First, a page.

Nuclear Security Summit opened with Ukraine surprise announcement
United States President Barack Obama opened his Nuclear Security Summit in Washington on Monday with a surprise announcement: Ukraine, a major inheritor of nuclear weapons materials of the former Soviet Union, said it would unilaterally give up its highly enriched uranium – a key component of nuclear weapons – and downgrade its nuclear power facilities to prevent production of fissile material. Canada made a similar pledge, saying it would send used, highly enriched uranium to the US for disposal.
The announcements generated immediate headlines and put a spotlight on the ambitious agenda of the two-day conference, attended by world leaders representing 47 countries.
Bridging the gap between the high-level efforts of multilateral organizations (like the United Nations and the International Atomic Energy Agency) and individual countries’ measures to secure their nuclear materials from theft or terrorism, the Nuclear Security Summit aims at becoming a powerful international forum, separate from – but connected to – other existing global efforts on nuclear issues.
Security Council issues, larger set of stakeholders
The UN Security Council and its nuclear inspections arm, the IAEA, have historically been the forums for global efforts to contain the spread of nuclear weapons and know-how. But as technology and material have proliferated, the number of states with nuclear capabilities increased, complicating the work of these organizations and highlighting gaps in control mechanisms.
According to the Bulletin of the Atomic Scientists, nine countries possessed nuclear weapons at the end of 2009. Five of these are members of the UN Security Council: the US, China, France, Russia and Britain; four are not: India, Pakistan, Israel and North Korea. (Only one country – South Africa – has ever developed and then subsequently dismantled a nuclear weapons program.)
Additionally, the IAEA notes that thirty countries now have nuclear power plants. Many of these could be potential sources for weapons-grade nuclear material. Theft of nuclear power by-products – and their potential use in a terrorist’s “dirty bomb” – remains a serious concern, and a primary reason for the Summit.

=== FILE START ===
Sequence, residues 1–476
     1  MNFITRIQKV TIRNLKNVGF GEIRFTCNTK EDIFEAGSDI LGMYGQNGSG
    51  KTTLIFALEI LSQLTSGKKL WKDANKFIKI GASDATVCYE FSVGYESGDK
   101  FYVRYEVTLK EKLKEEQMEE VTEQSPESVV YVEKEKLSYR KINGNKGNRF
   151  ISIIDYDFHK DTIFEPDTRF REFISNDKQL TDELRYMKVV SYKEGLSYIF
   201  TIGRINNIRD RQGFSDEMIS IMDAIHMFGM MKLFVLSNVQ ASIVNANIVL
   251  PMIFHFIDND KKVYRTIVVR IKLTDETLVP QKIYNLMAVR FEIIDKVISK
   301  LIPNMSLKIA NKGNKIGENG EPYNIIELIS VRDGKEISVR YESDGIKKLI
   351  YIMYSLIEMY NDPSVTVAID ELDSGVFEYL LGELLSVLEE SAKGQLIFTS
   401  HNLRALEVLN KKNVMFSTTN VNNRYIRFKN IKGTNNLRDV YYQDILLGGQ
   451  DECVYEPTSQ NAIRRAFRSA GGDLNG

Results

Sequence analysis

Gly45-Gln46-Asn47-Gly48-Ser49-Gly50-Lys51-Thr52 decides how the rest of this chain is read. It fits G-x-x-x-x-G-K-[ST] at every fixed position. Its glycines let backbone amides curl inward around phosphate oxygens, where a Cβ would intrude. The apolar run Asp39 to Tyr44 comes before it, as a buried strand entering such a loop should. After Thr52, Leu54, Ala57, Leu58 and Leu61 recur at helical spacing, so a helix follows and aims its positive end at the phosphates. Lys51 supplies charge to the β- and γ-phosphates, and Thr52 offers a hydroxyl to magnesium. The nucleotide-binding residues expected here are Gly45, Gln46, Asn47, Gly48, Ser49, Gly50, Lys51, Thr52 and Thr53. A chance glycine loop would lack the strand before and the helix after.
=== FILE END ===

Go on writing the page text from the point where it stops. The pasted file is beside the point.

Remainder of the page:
Further, several countries are believed to possess both nuclear power plants and the technical knowledge necessary to produce nuclear weapons – even if they haven’t. Included among this group is Iran.
Iran, a hot sidelines topic
While Iran was not invited to the Nuclear Security Summit and it was not explicitly included on the official agenda, observers have noted that discussion of its nuclear program dominated meetings on the sidelines of the conference.
UN Security Council members are preparing for a new round of sanctions talks for Iran’s continued non-compliance with inspections, with debate over a new resolution likely coming within a few weeks. On Monday, the White House announced that China had agreed to join new negotiations. Beijing – along with Moscow – has been seen as a key player in overcoming opposition to new international restrictions on the Iranian regime.
Next stop: Korean peninsula
President Obama said on Tuesday that the next Nuclear Security Summit would be hosted by South Korea in 2012. The statement seemed laden with symbolism, as talks on North Korea’s own nuclear weapons program remain at an impasse. Negotiators have yet to receive an official commitment by Pyongyang to return to six-party regional talks, which North Korea abandoned over a year ago. The country’s nuclear ambitions remain one of the most unstable elements in East Asian – and global – security.
If the Summit succeeds in its goal to build global consensus on vital nuclear issues, North Korea may find itself the unofficial topic of the next session’s sideline meetings.
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